We realize that many people don’t need a COUCH, they need a COACH to help them realign with their heart’s desires, so we’ve added coaching services to our menu. Sarah is currently doing additional coaching training with Oprah’s Martha Beck and is freaked out by how limitless personal transformation is.

What is your favourite kind of help to give?

We love to encourage others to live beautifully on their own terms: Don’t do what we do. Do what you do! And we love to encourage fun and laughter all along the way.

Related Reading: Successfully Sensitive | Dolly Hopkins, Book | A Pattern Language

A Bespoke Life

(untitled), by bird_flew

What’s it like to wear a bespoke suit, a suit custom-made to fit me and only me? I want a life like that. I want a plan, a pattern, a path that takes into consideration all the weird, unruly, shocking, steadfast little and big things that combine to shape me. But how?

“The word bespoke itself is derived from the verb to bespeak, to ‘speak for something,’ in the specialized meaning ‘to give order for it to be made.’”
~ Wikipedia entry for Bespoke

What plan speaks for me? Cookie-cutter solutions need not apply. If I can’t make it fit me, if I can’t make it mine, all mine, then forget it. I’ve scoured office supply stores, art supply stores, read books and websites by goal gurus and earnest cheerleaders of every stripe and found only an elite few who make the cut, including these two…

For the past two weeks I’ve been pulling together a strategic planner for 2010, guided by what artist and business school graduate (a combination that thrills me) Lisa Sonora Beam does for herself every year. Although I’m still creating my plan, the power inherent in the thoroughly self-customized system has already taken me so far further along my way than I’d imagined possible that I’m almost scared to continue. The zoom is palpable. For more about this intensely customizable system, see Lisa Sonora Beam’s “Goal Setting for Creatives: My 2010 Strategic Planner.”

One of the zoomy surprises to burst forth from my 2010 Strategic Planner process is that a friend offered to sponsor my fees for an e-course that seems perfectly designed to help me further custom-make my life: Susannah Conway’s Unravelling: Ways of Seeing My Self, which combines photography, journaling, comrades, Susannah’s strong heart, and the promise of deep self-connection.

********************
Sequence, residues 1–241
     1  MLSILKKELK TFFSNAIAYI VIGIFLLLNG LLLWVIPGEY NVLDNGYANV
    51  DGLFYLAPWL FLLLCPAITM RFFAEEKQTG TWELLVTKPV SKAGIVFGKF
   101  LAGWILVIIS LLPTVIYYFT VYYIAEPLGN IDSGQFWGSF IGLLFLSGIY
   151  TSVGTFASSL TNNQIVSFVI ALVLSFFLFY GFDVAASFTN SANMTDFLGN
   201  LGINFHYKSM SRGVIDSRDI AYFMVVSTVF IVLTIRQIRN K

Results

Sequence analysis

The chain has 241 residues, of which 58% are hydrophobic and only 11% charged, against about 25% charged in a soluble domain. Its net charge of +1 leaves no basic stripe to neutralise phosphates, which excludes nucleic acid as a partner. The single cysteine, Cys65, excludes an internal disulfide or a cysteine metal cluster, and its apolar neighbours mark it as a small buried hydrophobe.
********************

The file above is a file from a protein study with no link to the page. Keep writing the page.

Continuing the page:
The primary goal of both systems is to put me in touch with myself in a way that encourages invention, supports forgiveness and acceptance, and fills the silence with my voice, even if I choose to be quiet. What could be more fittingly comfortable than that?

Related reading: Book | The Creative Entrepreneur, by Lisa Sonora Beam

Flickr photo: (untitled), by bird_flew

How to Keep a Friend

Old friends, by kevindooleyStart with the first step. Proceed.

  1. Make a new friend.
  2. Spend time together.
  3. Be your true self, especially when it’s difficult.
  4. Disagree.
  5. Let them go.
  6. Figure out how to soothe yourself.
  7. Welcome them back.
  8. Willingly fall further into friendship’s gooey centre.
  9. Copy what you envy.
  10. Forget who’s who.
  11. Draw a line.
  12. Notice recurring border skirmishes.
  13. Learn about yourself.
  14. Draw a different line, one that includes all of you.
  15. Do your best, even if it’s not enough.
  16. Take a break.
  17. Notice what changes.
  18. Ruthlessly work to take back any unkindness.
  19. Hold your friend’s hands until they’re warm again.
  20. Decide to love yourself best by forgiving, even if you’re not sure how.
  21. Remember all the good things. (There were lots.)
  22. Accrue private jokes.
  23. Count up the years.
  24. Catalogue the stories and talk about them in code.
  25. Accept the whole friend, including what bugs you about them.
  26. Realize that you wouldn’t be you without your friend.
  27. Praise the change you got from them.
  28. Praise the change you resisted.
  29. Get to know your friend’s friends.
  30. Make a new friend.

Related reading: Pep Talk | Flip, Book | How to Live with an Idiot

Flickr photo: Old friends, by kevindooley